اثر فرکانس به روز رسانی اطلاعات در ثبات تولید سیستم های کنترل موجودی
|کد مقاله||سال انتشار||مقاله انگلیسی||ترجمه فارسی||تعداد کلمات|
|5368||2007||20 صفحه PDF||سفارش دهید||محاسبه نشده|
Publisher : Elsevier - Science Direct (الزویر - ساینس دایرکت)
Journal : International Journal of Production Economics, Volume 106, Issue 1, March 2007, Pages 171–190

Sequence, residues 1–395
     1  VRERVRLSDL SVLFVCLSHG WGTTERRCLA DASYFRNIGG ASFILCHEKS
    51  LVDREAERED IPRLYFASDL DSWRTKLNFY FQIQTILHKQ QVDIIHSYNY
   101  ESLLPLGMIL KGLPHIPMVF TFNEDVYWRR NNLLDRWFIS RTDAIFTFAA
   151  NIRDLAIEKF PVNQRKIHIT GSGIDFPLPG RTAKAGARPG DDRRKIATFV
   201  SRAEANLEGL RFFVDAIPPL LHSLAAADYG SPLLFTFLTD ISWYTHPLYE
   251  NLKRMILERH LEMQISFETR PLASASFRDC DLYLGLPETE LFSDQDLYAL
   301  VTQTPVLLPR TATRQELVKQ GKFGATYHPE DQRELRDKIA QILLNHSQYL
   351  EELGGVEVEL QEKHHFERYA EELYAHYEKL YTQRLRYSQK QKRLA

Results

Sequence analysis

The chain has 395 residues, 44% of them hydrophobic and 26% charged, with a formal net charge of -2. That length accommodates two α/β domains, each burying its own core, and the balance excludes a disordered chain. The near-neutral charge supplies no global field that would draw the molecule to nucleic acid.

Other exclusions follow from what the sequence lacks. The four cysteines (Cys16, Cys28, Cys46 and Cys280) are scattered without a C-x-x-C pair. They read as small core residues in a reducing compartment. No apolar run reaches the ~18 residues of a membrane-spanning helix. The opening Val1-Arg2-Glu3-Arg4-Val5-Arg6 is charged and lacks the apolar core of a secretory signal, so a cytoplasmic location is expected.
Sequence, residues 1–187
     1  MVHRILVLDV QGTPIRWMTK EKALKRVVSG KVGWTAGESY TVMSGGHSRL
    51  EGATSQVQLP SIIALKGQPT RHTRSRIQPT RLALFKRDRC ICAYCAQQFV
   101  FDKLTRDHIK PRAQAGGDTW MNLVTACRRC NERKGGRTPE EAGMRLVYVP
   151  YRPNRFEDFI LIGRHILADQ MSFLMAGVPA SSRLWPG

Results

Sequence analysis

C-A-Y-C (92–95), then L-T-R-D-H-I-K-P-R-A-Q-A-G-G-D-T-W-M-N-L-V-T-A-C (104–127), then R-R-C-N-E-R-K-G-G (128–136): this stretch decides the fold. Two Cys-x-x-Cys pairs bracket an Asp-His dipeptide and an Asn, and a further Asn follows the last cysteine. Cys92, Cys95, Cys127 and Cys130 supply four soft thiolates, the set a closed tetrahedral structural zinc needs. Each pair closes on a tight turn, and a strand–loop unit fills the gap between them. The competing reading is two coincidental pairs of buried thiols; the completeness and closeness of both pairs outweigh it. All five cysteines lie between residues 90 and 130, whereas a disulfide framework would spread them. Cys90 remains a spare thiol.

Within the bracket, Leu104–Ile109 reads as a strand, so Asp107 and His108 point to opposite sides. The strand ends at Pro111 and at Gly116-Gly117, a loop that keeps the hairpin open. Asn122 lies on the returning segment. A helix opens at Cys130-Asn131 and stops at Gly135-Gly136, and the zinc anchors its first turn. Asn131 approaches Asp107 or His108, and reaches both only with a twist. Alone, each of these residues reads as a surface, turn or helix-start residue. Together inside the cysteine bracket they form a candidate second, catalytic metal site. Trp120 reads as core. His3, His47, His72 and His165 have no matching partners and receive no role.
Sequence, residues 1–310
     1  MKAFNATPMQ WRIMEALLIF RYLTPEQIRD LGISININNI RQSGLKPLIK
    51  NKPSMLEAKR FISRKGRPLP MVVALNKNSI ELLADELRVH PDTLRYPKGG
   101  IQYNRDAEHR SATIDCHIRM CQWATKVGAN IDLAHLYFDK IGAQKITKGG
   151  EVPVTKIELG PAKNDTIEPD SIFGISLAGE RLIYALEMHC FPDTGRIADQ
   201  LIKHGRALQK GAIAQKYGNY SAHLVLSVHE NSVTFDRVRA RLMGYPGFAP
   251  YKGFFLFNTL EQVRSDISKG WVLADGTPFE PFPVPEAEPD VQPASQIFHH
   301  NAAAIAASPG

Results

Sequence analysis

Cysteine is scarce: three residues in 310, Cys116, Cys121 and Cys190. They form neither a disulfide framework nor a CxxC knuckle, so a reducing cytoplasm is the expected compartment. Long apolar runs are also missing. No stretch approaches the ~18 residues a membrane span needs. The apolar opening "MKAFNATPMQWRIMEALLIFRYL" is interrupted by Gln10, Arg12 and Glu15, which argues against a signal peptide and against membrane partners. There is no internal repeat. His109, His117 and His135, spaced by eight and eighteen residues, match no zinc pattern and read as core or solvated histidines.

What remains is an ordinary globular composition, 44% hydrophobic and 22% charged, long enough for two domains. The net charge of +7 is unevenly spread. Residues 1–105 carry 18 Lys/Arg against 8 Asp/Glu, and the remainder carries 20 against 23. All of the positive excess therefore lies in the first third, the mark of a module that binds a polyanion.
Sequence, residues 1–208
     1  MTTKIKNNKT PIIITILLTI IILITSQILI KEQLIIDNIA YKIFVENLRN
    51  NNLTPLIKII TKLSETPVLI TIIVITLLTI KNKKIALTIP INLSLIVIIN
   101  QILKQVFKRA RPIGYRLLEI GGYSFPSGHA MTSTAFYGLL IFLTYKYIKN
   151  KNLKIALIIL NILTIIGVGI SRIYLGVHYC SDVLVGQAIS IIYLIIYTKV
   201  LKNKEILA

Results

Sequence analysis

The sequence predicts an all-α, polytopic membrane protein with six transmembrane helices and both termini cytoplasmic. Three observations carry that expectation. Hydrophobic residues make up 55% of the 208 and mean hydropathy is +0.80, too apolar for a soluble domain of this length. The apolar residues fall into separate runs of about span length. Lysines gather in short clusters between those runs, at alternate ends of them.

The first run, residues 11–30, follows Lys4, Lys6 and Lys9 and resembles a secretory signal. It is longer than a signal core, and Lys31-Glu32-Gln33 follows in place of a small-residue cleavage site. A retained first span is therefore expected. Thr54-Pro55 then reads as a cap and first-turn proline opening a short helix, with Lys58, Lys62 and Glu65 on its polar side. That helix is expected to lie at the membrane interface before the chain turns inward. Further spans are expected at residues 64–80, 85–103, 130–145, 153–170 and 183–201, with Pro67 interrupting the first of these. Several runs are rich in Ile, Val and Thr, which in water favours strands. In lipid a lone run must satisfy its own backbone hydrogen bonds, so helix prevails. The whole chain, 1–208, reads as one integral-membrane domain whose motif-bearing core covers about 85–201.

Production ordering and inventory dynamics in a manufacturing system are analyzed using function transformation techniques (z-transform) and their conditions for stability are examined. A generic model which captures the mixing and variability in the production process is developed. Variation in the stability of the system operating under sufficient inventory coverage and under limited inventory coverage is highlighted. The effects of the frequency of information update on stability are then examined by relating the update frequency to the sampling interval of the underlying difference equations. System dynamics simulations are used to demonstrate the stable or unstable behaviour of the production–inventory system.